I groaned as my wife asked, "Will you go to a wedding with me?" Usually, weddings are my favorite rite to attend. They bring out the best in people, and the air is magical with promise and beauty—the emotional lift from attending one can continue for many days. People still tell us that our wedding, some 28 years ago in Virginia, was the most enjoyable wedding that they have ever attended. But since moving to Mississippi, I have attended some weddings that have left me emotionally drained and despairing for the future of the bride and groom. Mississippi has one of the highest rates of teenage pregnancy in the country, and most of these weddings were young people, pregnant and much too immature to get married.
"Who is getting married?" I asked.
"The son of one of my coworkers," she said. The bride is 35 weeks pregnant. It is this Friday night at a small country church, and they are serving pizza at the reception."
"Who gets married on a Friday night, serves pizza at the reception, and who gets married 35 weeks pregnant?" I asked, thinking, "There goes Friday night."
The church was one of those nondescript metal buildings on a lonely country road that you find so often in Mississippi. It was fairly small, and the congregation was dressed casually. Many looked as if they had come straight from work, as did I. The mothers of the groom and bride both wore pantsuits. Just before the wedding began, there was a slideshow of the bride and groom that depicted their lives—transitioning from newborn to adult and then their lives together, finishing with stills from a sonogram of the couple's little girl in utero. I thought to myself, "Well, I suppose you can't hide being 35 weeks pregnant. Why not celebrate the issue?" It gave me hope.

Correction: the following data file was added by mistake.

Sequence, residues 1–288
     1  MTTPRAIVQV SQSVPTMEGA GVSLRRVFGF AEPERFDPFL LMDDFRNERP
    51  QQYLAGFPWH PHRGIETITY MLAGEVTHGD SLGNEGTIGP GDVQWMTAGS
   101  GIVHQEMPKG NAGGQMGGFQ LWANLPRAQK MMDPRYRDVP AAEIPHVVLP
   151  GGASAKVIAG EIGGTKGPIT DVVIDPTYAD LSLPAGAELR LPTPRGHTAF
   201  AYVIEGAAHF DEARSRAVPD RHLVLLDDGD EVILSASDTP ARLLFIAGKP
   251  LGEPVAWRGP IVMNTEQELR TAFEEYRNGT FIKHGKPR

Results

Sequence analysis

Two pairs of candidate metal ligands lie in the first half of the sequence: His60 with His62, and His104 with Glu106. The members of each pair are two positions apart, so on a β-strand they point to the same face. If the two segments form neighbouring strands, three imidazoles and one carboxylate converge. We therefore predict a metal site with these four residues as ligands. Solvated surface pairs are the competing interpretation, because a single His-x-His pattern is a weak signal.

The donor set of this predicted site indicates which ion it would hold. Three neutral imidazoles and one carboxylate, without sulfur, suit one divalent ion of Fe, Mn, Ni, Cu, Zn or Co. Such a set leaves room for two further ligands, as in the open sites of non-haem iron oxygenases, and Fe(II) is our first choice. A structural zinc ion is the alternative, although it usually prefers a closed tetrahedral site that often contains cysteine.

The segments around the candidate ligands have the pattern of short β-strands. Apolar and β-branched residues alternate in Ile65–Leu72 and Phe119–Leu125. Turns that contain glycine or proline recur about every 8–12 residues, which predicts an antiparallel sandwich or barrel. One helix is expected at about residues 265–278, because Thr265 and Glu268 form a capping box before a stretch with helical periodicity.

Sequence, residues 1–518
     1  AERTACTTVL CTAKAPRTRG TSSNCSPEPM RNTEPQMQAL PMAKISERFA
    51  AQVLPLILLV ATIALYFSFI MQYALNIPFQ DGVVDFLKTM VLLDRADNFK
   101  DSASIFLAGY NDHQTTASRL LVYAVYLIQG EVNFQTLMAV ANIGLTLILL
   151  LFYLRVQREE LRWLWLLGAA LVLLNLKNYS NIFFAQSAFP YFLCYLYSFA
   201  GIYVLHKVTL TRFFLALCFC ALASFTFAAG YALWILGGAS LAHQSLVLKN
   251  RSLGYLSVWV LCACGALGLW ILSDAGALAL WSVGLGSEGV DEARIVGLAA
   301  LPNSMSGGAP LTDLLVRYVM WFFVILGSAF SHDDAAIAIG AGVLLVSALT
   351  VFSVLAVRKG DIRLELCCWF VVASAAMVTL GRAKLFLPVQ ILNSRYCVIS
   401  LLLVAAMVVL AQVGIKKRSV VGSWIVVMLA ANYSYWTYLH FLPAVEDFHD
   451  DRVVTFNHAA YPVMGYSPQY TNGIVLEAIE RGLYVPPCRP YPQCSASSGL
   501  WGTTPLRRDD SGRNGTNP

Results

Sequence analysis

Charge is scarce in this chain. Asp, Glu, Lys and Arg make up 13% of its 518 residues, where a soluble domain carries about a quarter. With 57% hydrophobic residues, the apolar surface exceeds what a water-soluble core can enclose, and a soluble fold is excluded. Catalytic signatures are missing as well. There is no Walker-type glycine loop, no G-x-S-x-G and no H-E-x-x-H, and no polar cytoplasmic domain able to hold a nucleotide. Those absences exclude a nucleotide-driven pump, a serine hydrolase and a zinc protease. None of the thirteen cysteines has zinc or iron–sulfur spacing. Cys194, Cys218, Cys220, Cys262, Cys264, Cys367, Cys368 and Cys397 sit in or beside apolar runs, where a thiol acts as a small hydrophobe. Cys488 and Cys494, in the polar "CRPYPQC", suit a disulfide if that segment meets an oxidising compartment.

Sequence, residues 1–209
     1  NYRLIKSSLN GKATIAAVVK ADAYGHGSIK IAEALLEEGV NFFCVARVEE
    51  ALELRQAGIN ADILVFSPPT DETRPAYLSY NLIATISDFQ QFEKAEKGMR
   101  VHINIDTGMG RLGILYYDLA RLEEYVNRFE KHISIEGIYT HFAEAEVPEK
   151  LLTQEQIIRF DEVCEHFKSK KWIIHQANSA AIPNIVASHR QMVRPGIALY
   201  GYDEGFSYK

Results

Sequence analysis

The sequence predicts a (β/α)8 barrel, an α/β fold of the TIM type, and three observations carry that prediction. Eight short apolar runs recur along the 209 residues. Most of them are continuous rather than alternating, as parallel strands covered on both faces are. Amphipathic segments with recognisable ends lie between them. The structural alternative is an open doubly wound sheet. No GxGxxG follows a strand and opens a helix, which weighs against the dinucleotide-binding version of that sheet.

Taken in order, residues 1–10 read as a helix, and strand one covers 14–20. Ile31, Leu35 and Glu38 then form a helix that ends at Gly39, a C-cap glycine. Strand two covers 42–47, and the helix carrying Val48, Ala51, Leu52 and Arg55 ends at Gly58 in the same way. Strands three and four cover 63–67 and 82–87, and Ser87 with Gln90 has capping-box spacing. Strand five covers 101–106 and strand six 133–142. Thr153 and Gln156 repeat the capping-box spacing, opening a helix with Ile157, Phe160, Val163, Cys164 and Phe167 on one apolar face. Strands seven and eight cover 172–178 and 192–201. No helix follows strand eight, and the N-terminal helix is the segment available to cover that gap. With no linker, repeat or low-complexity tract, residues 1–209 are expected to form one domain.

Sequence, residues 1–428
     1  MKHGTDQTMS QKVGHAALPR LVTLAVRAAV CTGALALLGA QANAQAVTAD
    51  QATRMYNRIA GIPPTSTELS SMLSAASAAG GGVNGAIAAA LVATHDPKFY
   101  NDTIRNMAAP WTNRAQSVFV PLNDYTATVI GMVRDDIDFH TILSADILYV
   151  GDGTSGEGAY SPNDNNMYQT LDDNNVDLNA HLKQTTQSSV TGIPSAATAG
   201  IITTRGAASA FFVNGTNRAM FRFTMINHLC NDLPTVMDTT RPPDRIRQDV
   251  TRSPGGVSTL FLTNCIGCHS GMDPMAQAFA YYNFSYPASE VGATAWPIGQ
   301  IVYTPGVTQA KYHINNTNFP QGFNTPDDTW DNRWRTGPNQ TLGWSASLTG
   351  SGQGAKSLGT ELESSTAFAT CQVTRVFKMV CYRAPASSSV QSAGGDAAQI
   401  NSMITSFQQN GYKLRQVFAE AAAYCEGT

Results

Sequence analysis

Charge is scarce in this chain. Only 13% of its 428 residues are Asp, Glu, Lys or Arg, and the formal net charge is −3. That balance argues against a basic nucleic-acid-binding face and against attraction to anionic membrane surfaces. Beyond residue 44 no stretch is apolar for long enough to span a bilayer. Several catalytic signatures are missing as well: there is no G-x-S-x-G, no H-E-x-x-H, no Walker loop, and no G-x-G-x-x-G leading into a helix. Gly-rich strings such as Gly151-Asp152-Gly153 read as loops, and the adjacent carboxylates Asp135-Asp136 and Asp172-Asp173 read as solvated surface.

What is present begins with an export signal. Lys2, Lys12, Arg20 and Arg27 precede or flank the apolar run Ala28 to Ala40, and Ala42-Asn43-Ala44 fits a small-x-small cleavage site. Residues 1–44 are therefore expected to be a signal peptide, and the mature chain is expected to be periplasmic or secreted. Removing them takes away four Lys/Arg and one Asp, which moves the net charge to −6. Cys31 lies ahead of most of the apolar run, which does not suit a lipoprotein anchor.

The mother of the bride entered on the arm of a skinny teenage boy with long blonde hair covering half his face and wearing a florescent blue shirt untucked in the back, with no jacket or tie. He escorted the mother of the bride to her seat, left with obvious relief and beat a hasty retreat to the other end of the front row.
The pastor, dressed in a black cassock, and the groom, wearing a tuxedo and chewing gum like he was creating electricity, walked in from the front without groomsmen. Huh, I thought, "they are doing this their way—good."
Preceding the bride was a beautiful young woman wearing a knee-length peach-colored spaghetti-strap dress, which would not be out of place at any high-school homecoming dance. She was chewing gum, too, and dropping flower petals as she sashayed in, obviously unused to heels.Following her, escorted by another teenage boy in a tuxedo, the very-pregnant bride entered in a sleeveless white gown that reminded me of the outfits worn by Cleopatra in the movies.
Uncharitably, I thought to myself that no wonder this pastor was in some forsaken country church, as he spoke rather haltingly with a voice pitched a little too high. After the usual pleasantries and prayers, the pastor spoke to the congregation and told us that he knew that the bride and groom had wanted to get married in Las Vegas, and that he had a surprise for them. He then exited the dais saying that he would return in a moment.